Inheritance tax trap may be sprung by Rishi Sunak this week

Inheritance tax: Expert provides tips on avoiding hefty bill

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Although not officially confirmed yet, experts have suggested Chancellor Jeremy Hunt is expected to extend a freeze on the inheritance tax threshold for another two years on Thursday. The inheritance tax allowance has been frozen at £325,000 since 2009 and in the current Prime Minister and former Chancellor Rishi Sunak’s Spring Statement in 2021 he froze the allowance again until 2026.

If the Chancellor extends the allowance again, a tax which was originally meant only to impact the wealthy will likely hit more middle-earning households in the coming years.

Commenting on the reports, Stevie Heafford, partner at accountancy firm HW Fisher said: “There are challenges for all of us ahead, Government debt is close to £2.4trillion and to truly tackle this, tax increases look inevitable as the Government seeks to rebalance the books.

“If the Chancellor decides to keep the threshold fixed for inheritance tax, rather than rise it in line with inflation, more people are going to find themselves caught in the inheritance tax trap.”

In the UK, inheritance tax is paid on an estate, the property, money and possessions, which is worth over the £325,000 allowance of someone who has died.

Anything above the current threshold is taxed at a rate of 40 percent and if the estate’s value is below the threshold then a person does not have to pay any inheritance tax whatsoever.

The HM Treasury raked in a record amount in inheritance tax in the first half of this tax year.

According to figures from HM Revenue and Customs (HMRC), inheritance tax receipts hit a record £3.5billion for the first half of the 2022-2023 tax year.

This overtook the previous high of £3.1billion collected in the same period last year.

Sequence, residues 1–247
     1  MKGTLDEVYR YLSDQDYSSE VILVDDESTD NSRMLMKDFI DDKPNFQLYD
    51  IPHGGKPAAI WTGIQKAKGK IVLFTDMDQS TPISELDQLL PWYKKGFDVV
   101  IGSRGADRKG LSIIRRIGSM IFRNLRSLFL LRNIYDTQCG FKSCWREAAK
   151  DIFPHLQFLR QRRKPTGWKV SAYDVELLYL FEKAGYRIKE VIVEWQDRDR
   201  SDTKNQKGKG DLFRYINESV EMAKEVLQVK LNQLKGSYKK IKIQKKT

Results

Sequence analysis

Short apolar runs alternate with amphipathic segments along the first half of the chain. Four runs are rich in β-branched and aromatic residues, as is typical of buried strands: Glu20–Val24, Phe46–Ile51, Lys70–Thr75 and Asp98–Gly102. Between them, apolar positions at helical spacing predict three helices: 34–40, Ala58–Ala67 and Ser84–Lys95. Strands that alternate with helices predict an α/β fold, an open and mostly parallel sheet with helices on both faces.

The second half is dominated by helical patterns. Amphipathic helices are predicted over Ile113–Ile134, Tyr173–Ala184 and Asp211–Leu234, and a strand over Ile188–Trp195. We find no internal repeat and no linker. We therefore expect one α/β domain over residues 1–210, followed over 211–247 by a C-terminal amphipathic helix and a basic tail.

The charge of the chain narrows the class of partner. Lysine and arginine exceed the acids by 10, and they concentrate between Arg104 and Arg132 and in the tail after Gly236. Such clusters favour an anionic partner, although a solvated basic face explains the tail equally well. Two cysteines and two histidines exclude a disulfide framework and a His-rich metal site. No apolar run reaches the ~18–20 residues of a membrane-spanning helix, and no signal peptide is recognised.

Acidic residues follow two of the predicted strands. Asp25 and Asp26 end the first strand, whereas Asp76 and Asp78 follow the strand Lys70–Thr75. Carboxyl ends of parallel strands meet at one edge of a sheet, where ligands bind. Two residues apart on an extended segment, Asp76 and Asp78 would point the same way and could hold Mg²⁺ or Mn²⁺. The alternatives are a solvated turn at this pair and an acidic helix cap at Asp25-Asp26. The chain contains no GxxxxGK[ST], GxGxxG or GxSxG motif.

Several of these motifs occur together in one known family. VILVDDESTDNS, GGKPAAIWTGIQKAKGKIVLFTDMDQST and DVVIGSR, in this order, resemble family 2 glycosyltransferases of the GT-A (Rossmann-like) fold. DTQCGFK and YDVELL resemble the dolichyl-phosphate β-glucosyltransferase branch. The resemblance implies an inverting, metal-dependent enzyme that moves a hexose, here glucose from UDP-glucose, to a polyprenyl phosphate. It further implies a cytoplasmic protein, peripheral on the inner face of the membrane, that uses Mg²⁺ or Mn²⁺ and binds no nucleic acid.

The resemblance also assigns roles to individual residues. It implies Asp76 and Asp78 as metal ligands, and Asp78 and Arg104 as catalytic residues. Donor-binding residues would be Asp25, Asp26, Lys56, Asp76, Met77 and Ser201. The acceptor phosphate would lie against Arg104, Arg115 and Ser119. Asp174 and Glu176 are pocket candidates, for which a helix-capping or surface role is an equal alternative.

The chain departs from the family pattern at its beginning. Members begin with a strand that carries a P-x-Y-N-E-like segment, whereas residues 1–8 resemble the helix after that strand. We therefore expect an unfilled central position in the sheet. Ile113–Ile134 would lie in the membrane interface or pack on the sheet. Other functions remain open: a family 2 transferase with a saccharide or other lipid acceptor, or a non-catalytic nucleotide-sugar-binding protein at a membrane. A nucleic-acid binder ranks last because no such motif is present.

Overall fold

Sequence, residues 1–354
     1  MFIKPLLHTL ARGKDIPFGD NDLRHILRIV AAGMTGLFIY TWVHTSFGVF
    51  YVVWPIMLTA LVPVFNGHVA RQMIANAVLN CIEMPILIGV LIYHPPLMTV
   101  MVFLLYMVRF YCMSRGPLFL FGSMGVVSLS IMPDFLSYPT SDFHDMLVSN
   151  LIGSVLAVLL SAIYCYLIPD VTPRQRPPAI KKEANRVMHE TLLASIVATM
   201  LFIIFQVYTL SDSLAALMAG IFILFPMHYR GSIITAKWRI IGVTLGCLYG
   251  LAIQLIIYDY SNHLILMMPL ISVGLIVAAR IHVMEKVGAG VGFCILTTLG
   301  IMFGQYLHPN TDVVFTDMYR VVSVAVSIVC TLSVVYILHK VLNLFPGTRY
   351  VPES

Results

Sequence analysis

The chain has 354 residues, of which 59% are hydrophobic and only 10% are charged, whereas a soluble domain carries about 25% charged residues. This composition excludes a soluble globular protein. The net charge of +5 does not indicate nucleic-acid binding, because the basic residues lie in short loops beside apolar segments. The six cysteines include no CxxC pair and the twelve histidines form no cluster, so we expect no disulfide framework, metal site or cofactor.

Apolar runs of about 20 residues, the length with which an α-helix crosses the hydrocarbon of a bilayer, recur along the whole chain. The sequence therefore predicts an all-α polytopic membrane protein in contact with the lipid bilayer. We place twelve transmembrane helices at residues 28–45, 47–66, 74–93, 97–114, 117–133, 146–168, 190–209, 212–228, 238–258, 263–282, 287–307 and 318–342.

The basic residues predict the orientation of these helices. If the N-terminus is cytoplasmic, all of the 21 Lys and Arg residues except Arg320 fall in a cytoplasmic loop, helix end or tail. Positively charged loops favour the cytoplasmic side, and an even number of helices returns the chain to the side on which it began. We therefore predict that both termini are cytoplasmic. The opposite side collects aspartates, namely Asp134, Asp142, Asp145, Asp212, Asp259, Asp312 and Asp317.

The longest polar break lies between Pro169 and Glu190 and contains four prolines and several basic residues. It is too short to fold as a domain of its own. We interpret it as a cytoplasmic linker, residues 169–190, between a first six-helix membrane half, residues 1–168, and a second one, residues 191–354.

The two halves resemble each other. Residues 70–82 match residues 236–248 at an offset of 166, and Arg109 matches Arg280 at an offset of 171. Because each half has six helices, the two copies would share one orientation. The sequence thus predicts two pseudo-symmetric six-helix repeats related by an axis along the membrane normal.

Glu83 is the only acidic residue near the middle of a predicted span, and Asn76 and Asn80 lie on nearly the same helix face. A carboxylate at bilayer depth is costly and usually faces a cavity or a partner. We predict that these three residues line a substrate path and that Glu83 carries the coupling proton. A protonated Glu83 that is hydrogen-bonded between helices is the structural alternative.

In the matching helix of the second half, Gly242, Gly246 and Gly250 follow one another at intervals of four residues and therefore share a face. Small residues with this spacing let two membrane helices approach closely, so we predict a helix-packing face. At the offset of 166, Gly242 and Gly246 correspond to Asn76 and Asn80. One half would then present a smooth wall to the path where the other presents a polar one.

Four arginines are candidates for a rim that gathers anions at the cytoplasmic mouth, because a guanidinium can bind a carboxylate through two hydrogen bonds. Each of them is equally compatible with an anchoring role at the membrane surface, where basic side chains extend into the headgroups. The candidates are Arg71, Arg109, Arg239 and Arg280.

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The reason cited for the increase in inheritance tax takings is rising inflation and soaring house prices.

The average price of a house in the UK has almost doubled since the nil-rate band was frozen, from just over £150,000 to almost £300,000 today, according to the UK House Price Index.

When passing on property, people can benefit from the Residence Nil Rate Band (RNRB).

This is an additional IHT-free amount that was first introduced in 2017 and the primary purpose was to allow people to pass on their home to family free from the tax.

However, certain conditions must be met to be entitled to the addition.

Under the current rules, there is no tax to pay if an individual passes a home to their husband, wife or civil partner when they die.

The Residence Nil Rate Band comes into play if someone passes on the house to direct descendants such as children or grandchildren.

Children who are adopted or fostered are also eligible for the criteria.

If an estate and the deceased meet all of the qualifying conditions for the relief, their total inheritance tax relief could be £500,000.

Ms Heafford added: “For many people, their home is their most valuable asset.

“It means that if certain conditions are met, those who are left a gross estate worth less than £2million will qualify for Residence Nil Rate Band of £175,000.”

However, Ms Heafford noted that the Residence Nil Rate Band has also been frozen until 2026 and the Chancellor will most likely freeze this alongside inheritance tax on Thursday.

As house valuations are increasing year on year, Ms Heafford noted the band might not actually be a helpful tool in reducing the inheritance tax someone pays anymore.

She added: “The freeze will provide all the more reason for individuals to seek professional advice as early as possible, and to maximise other tax reliefs and planning.”

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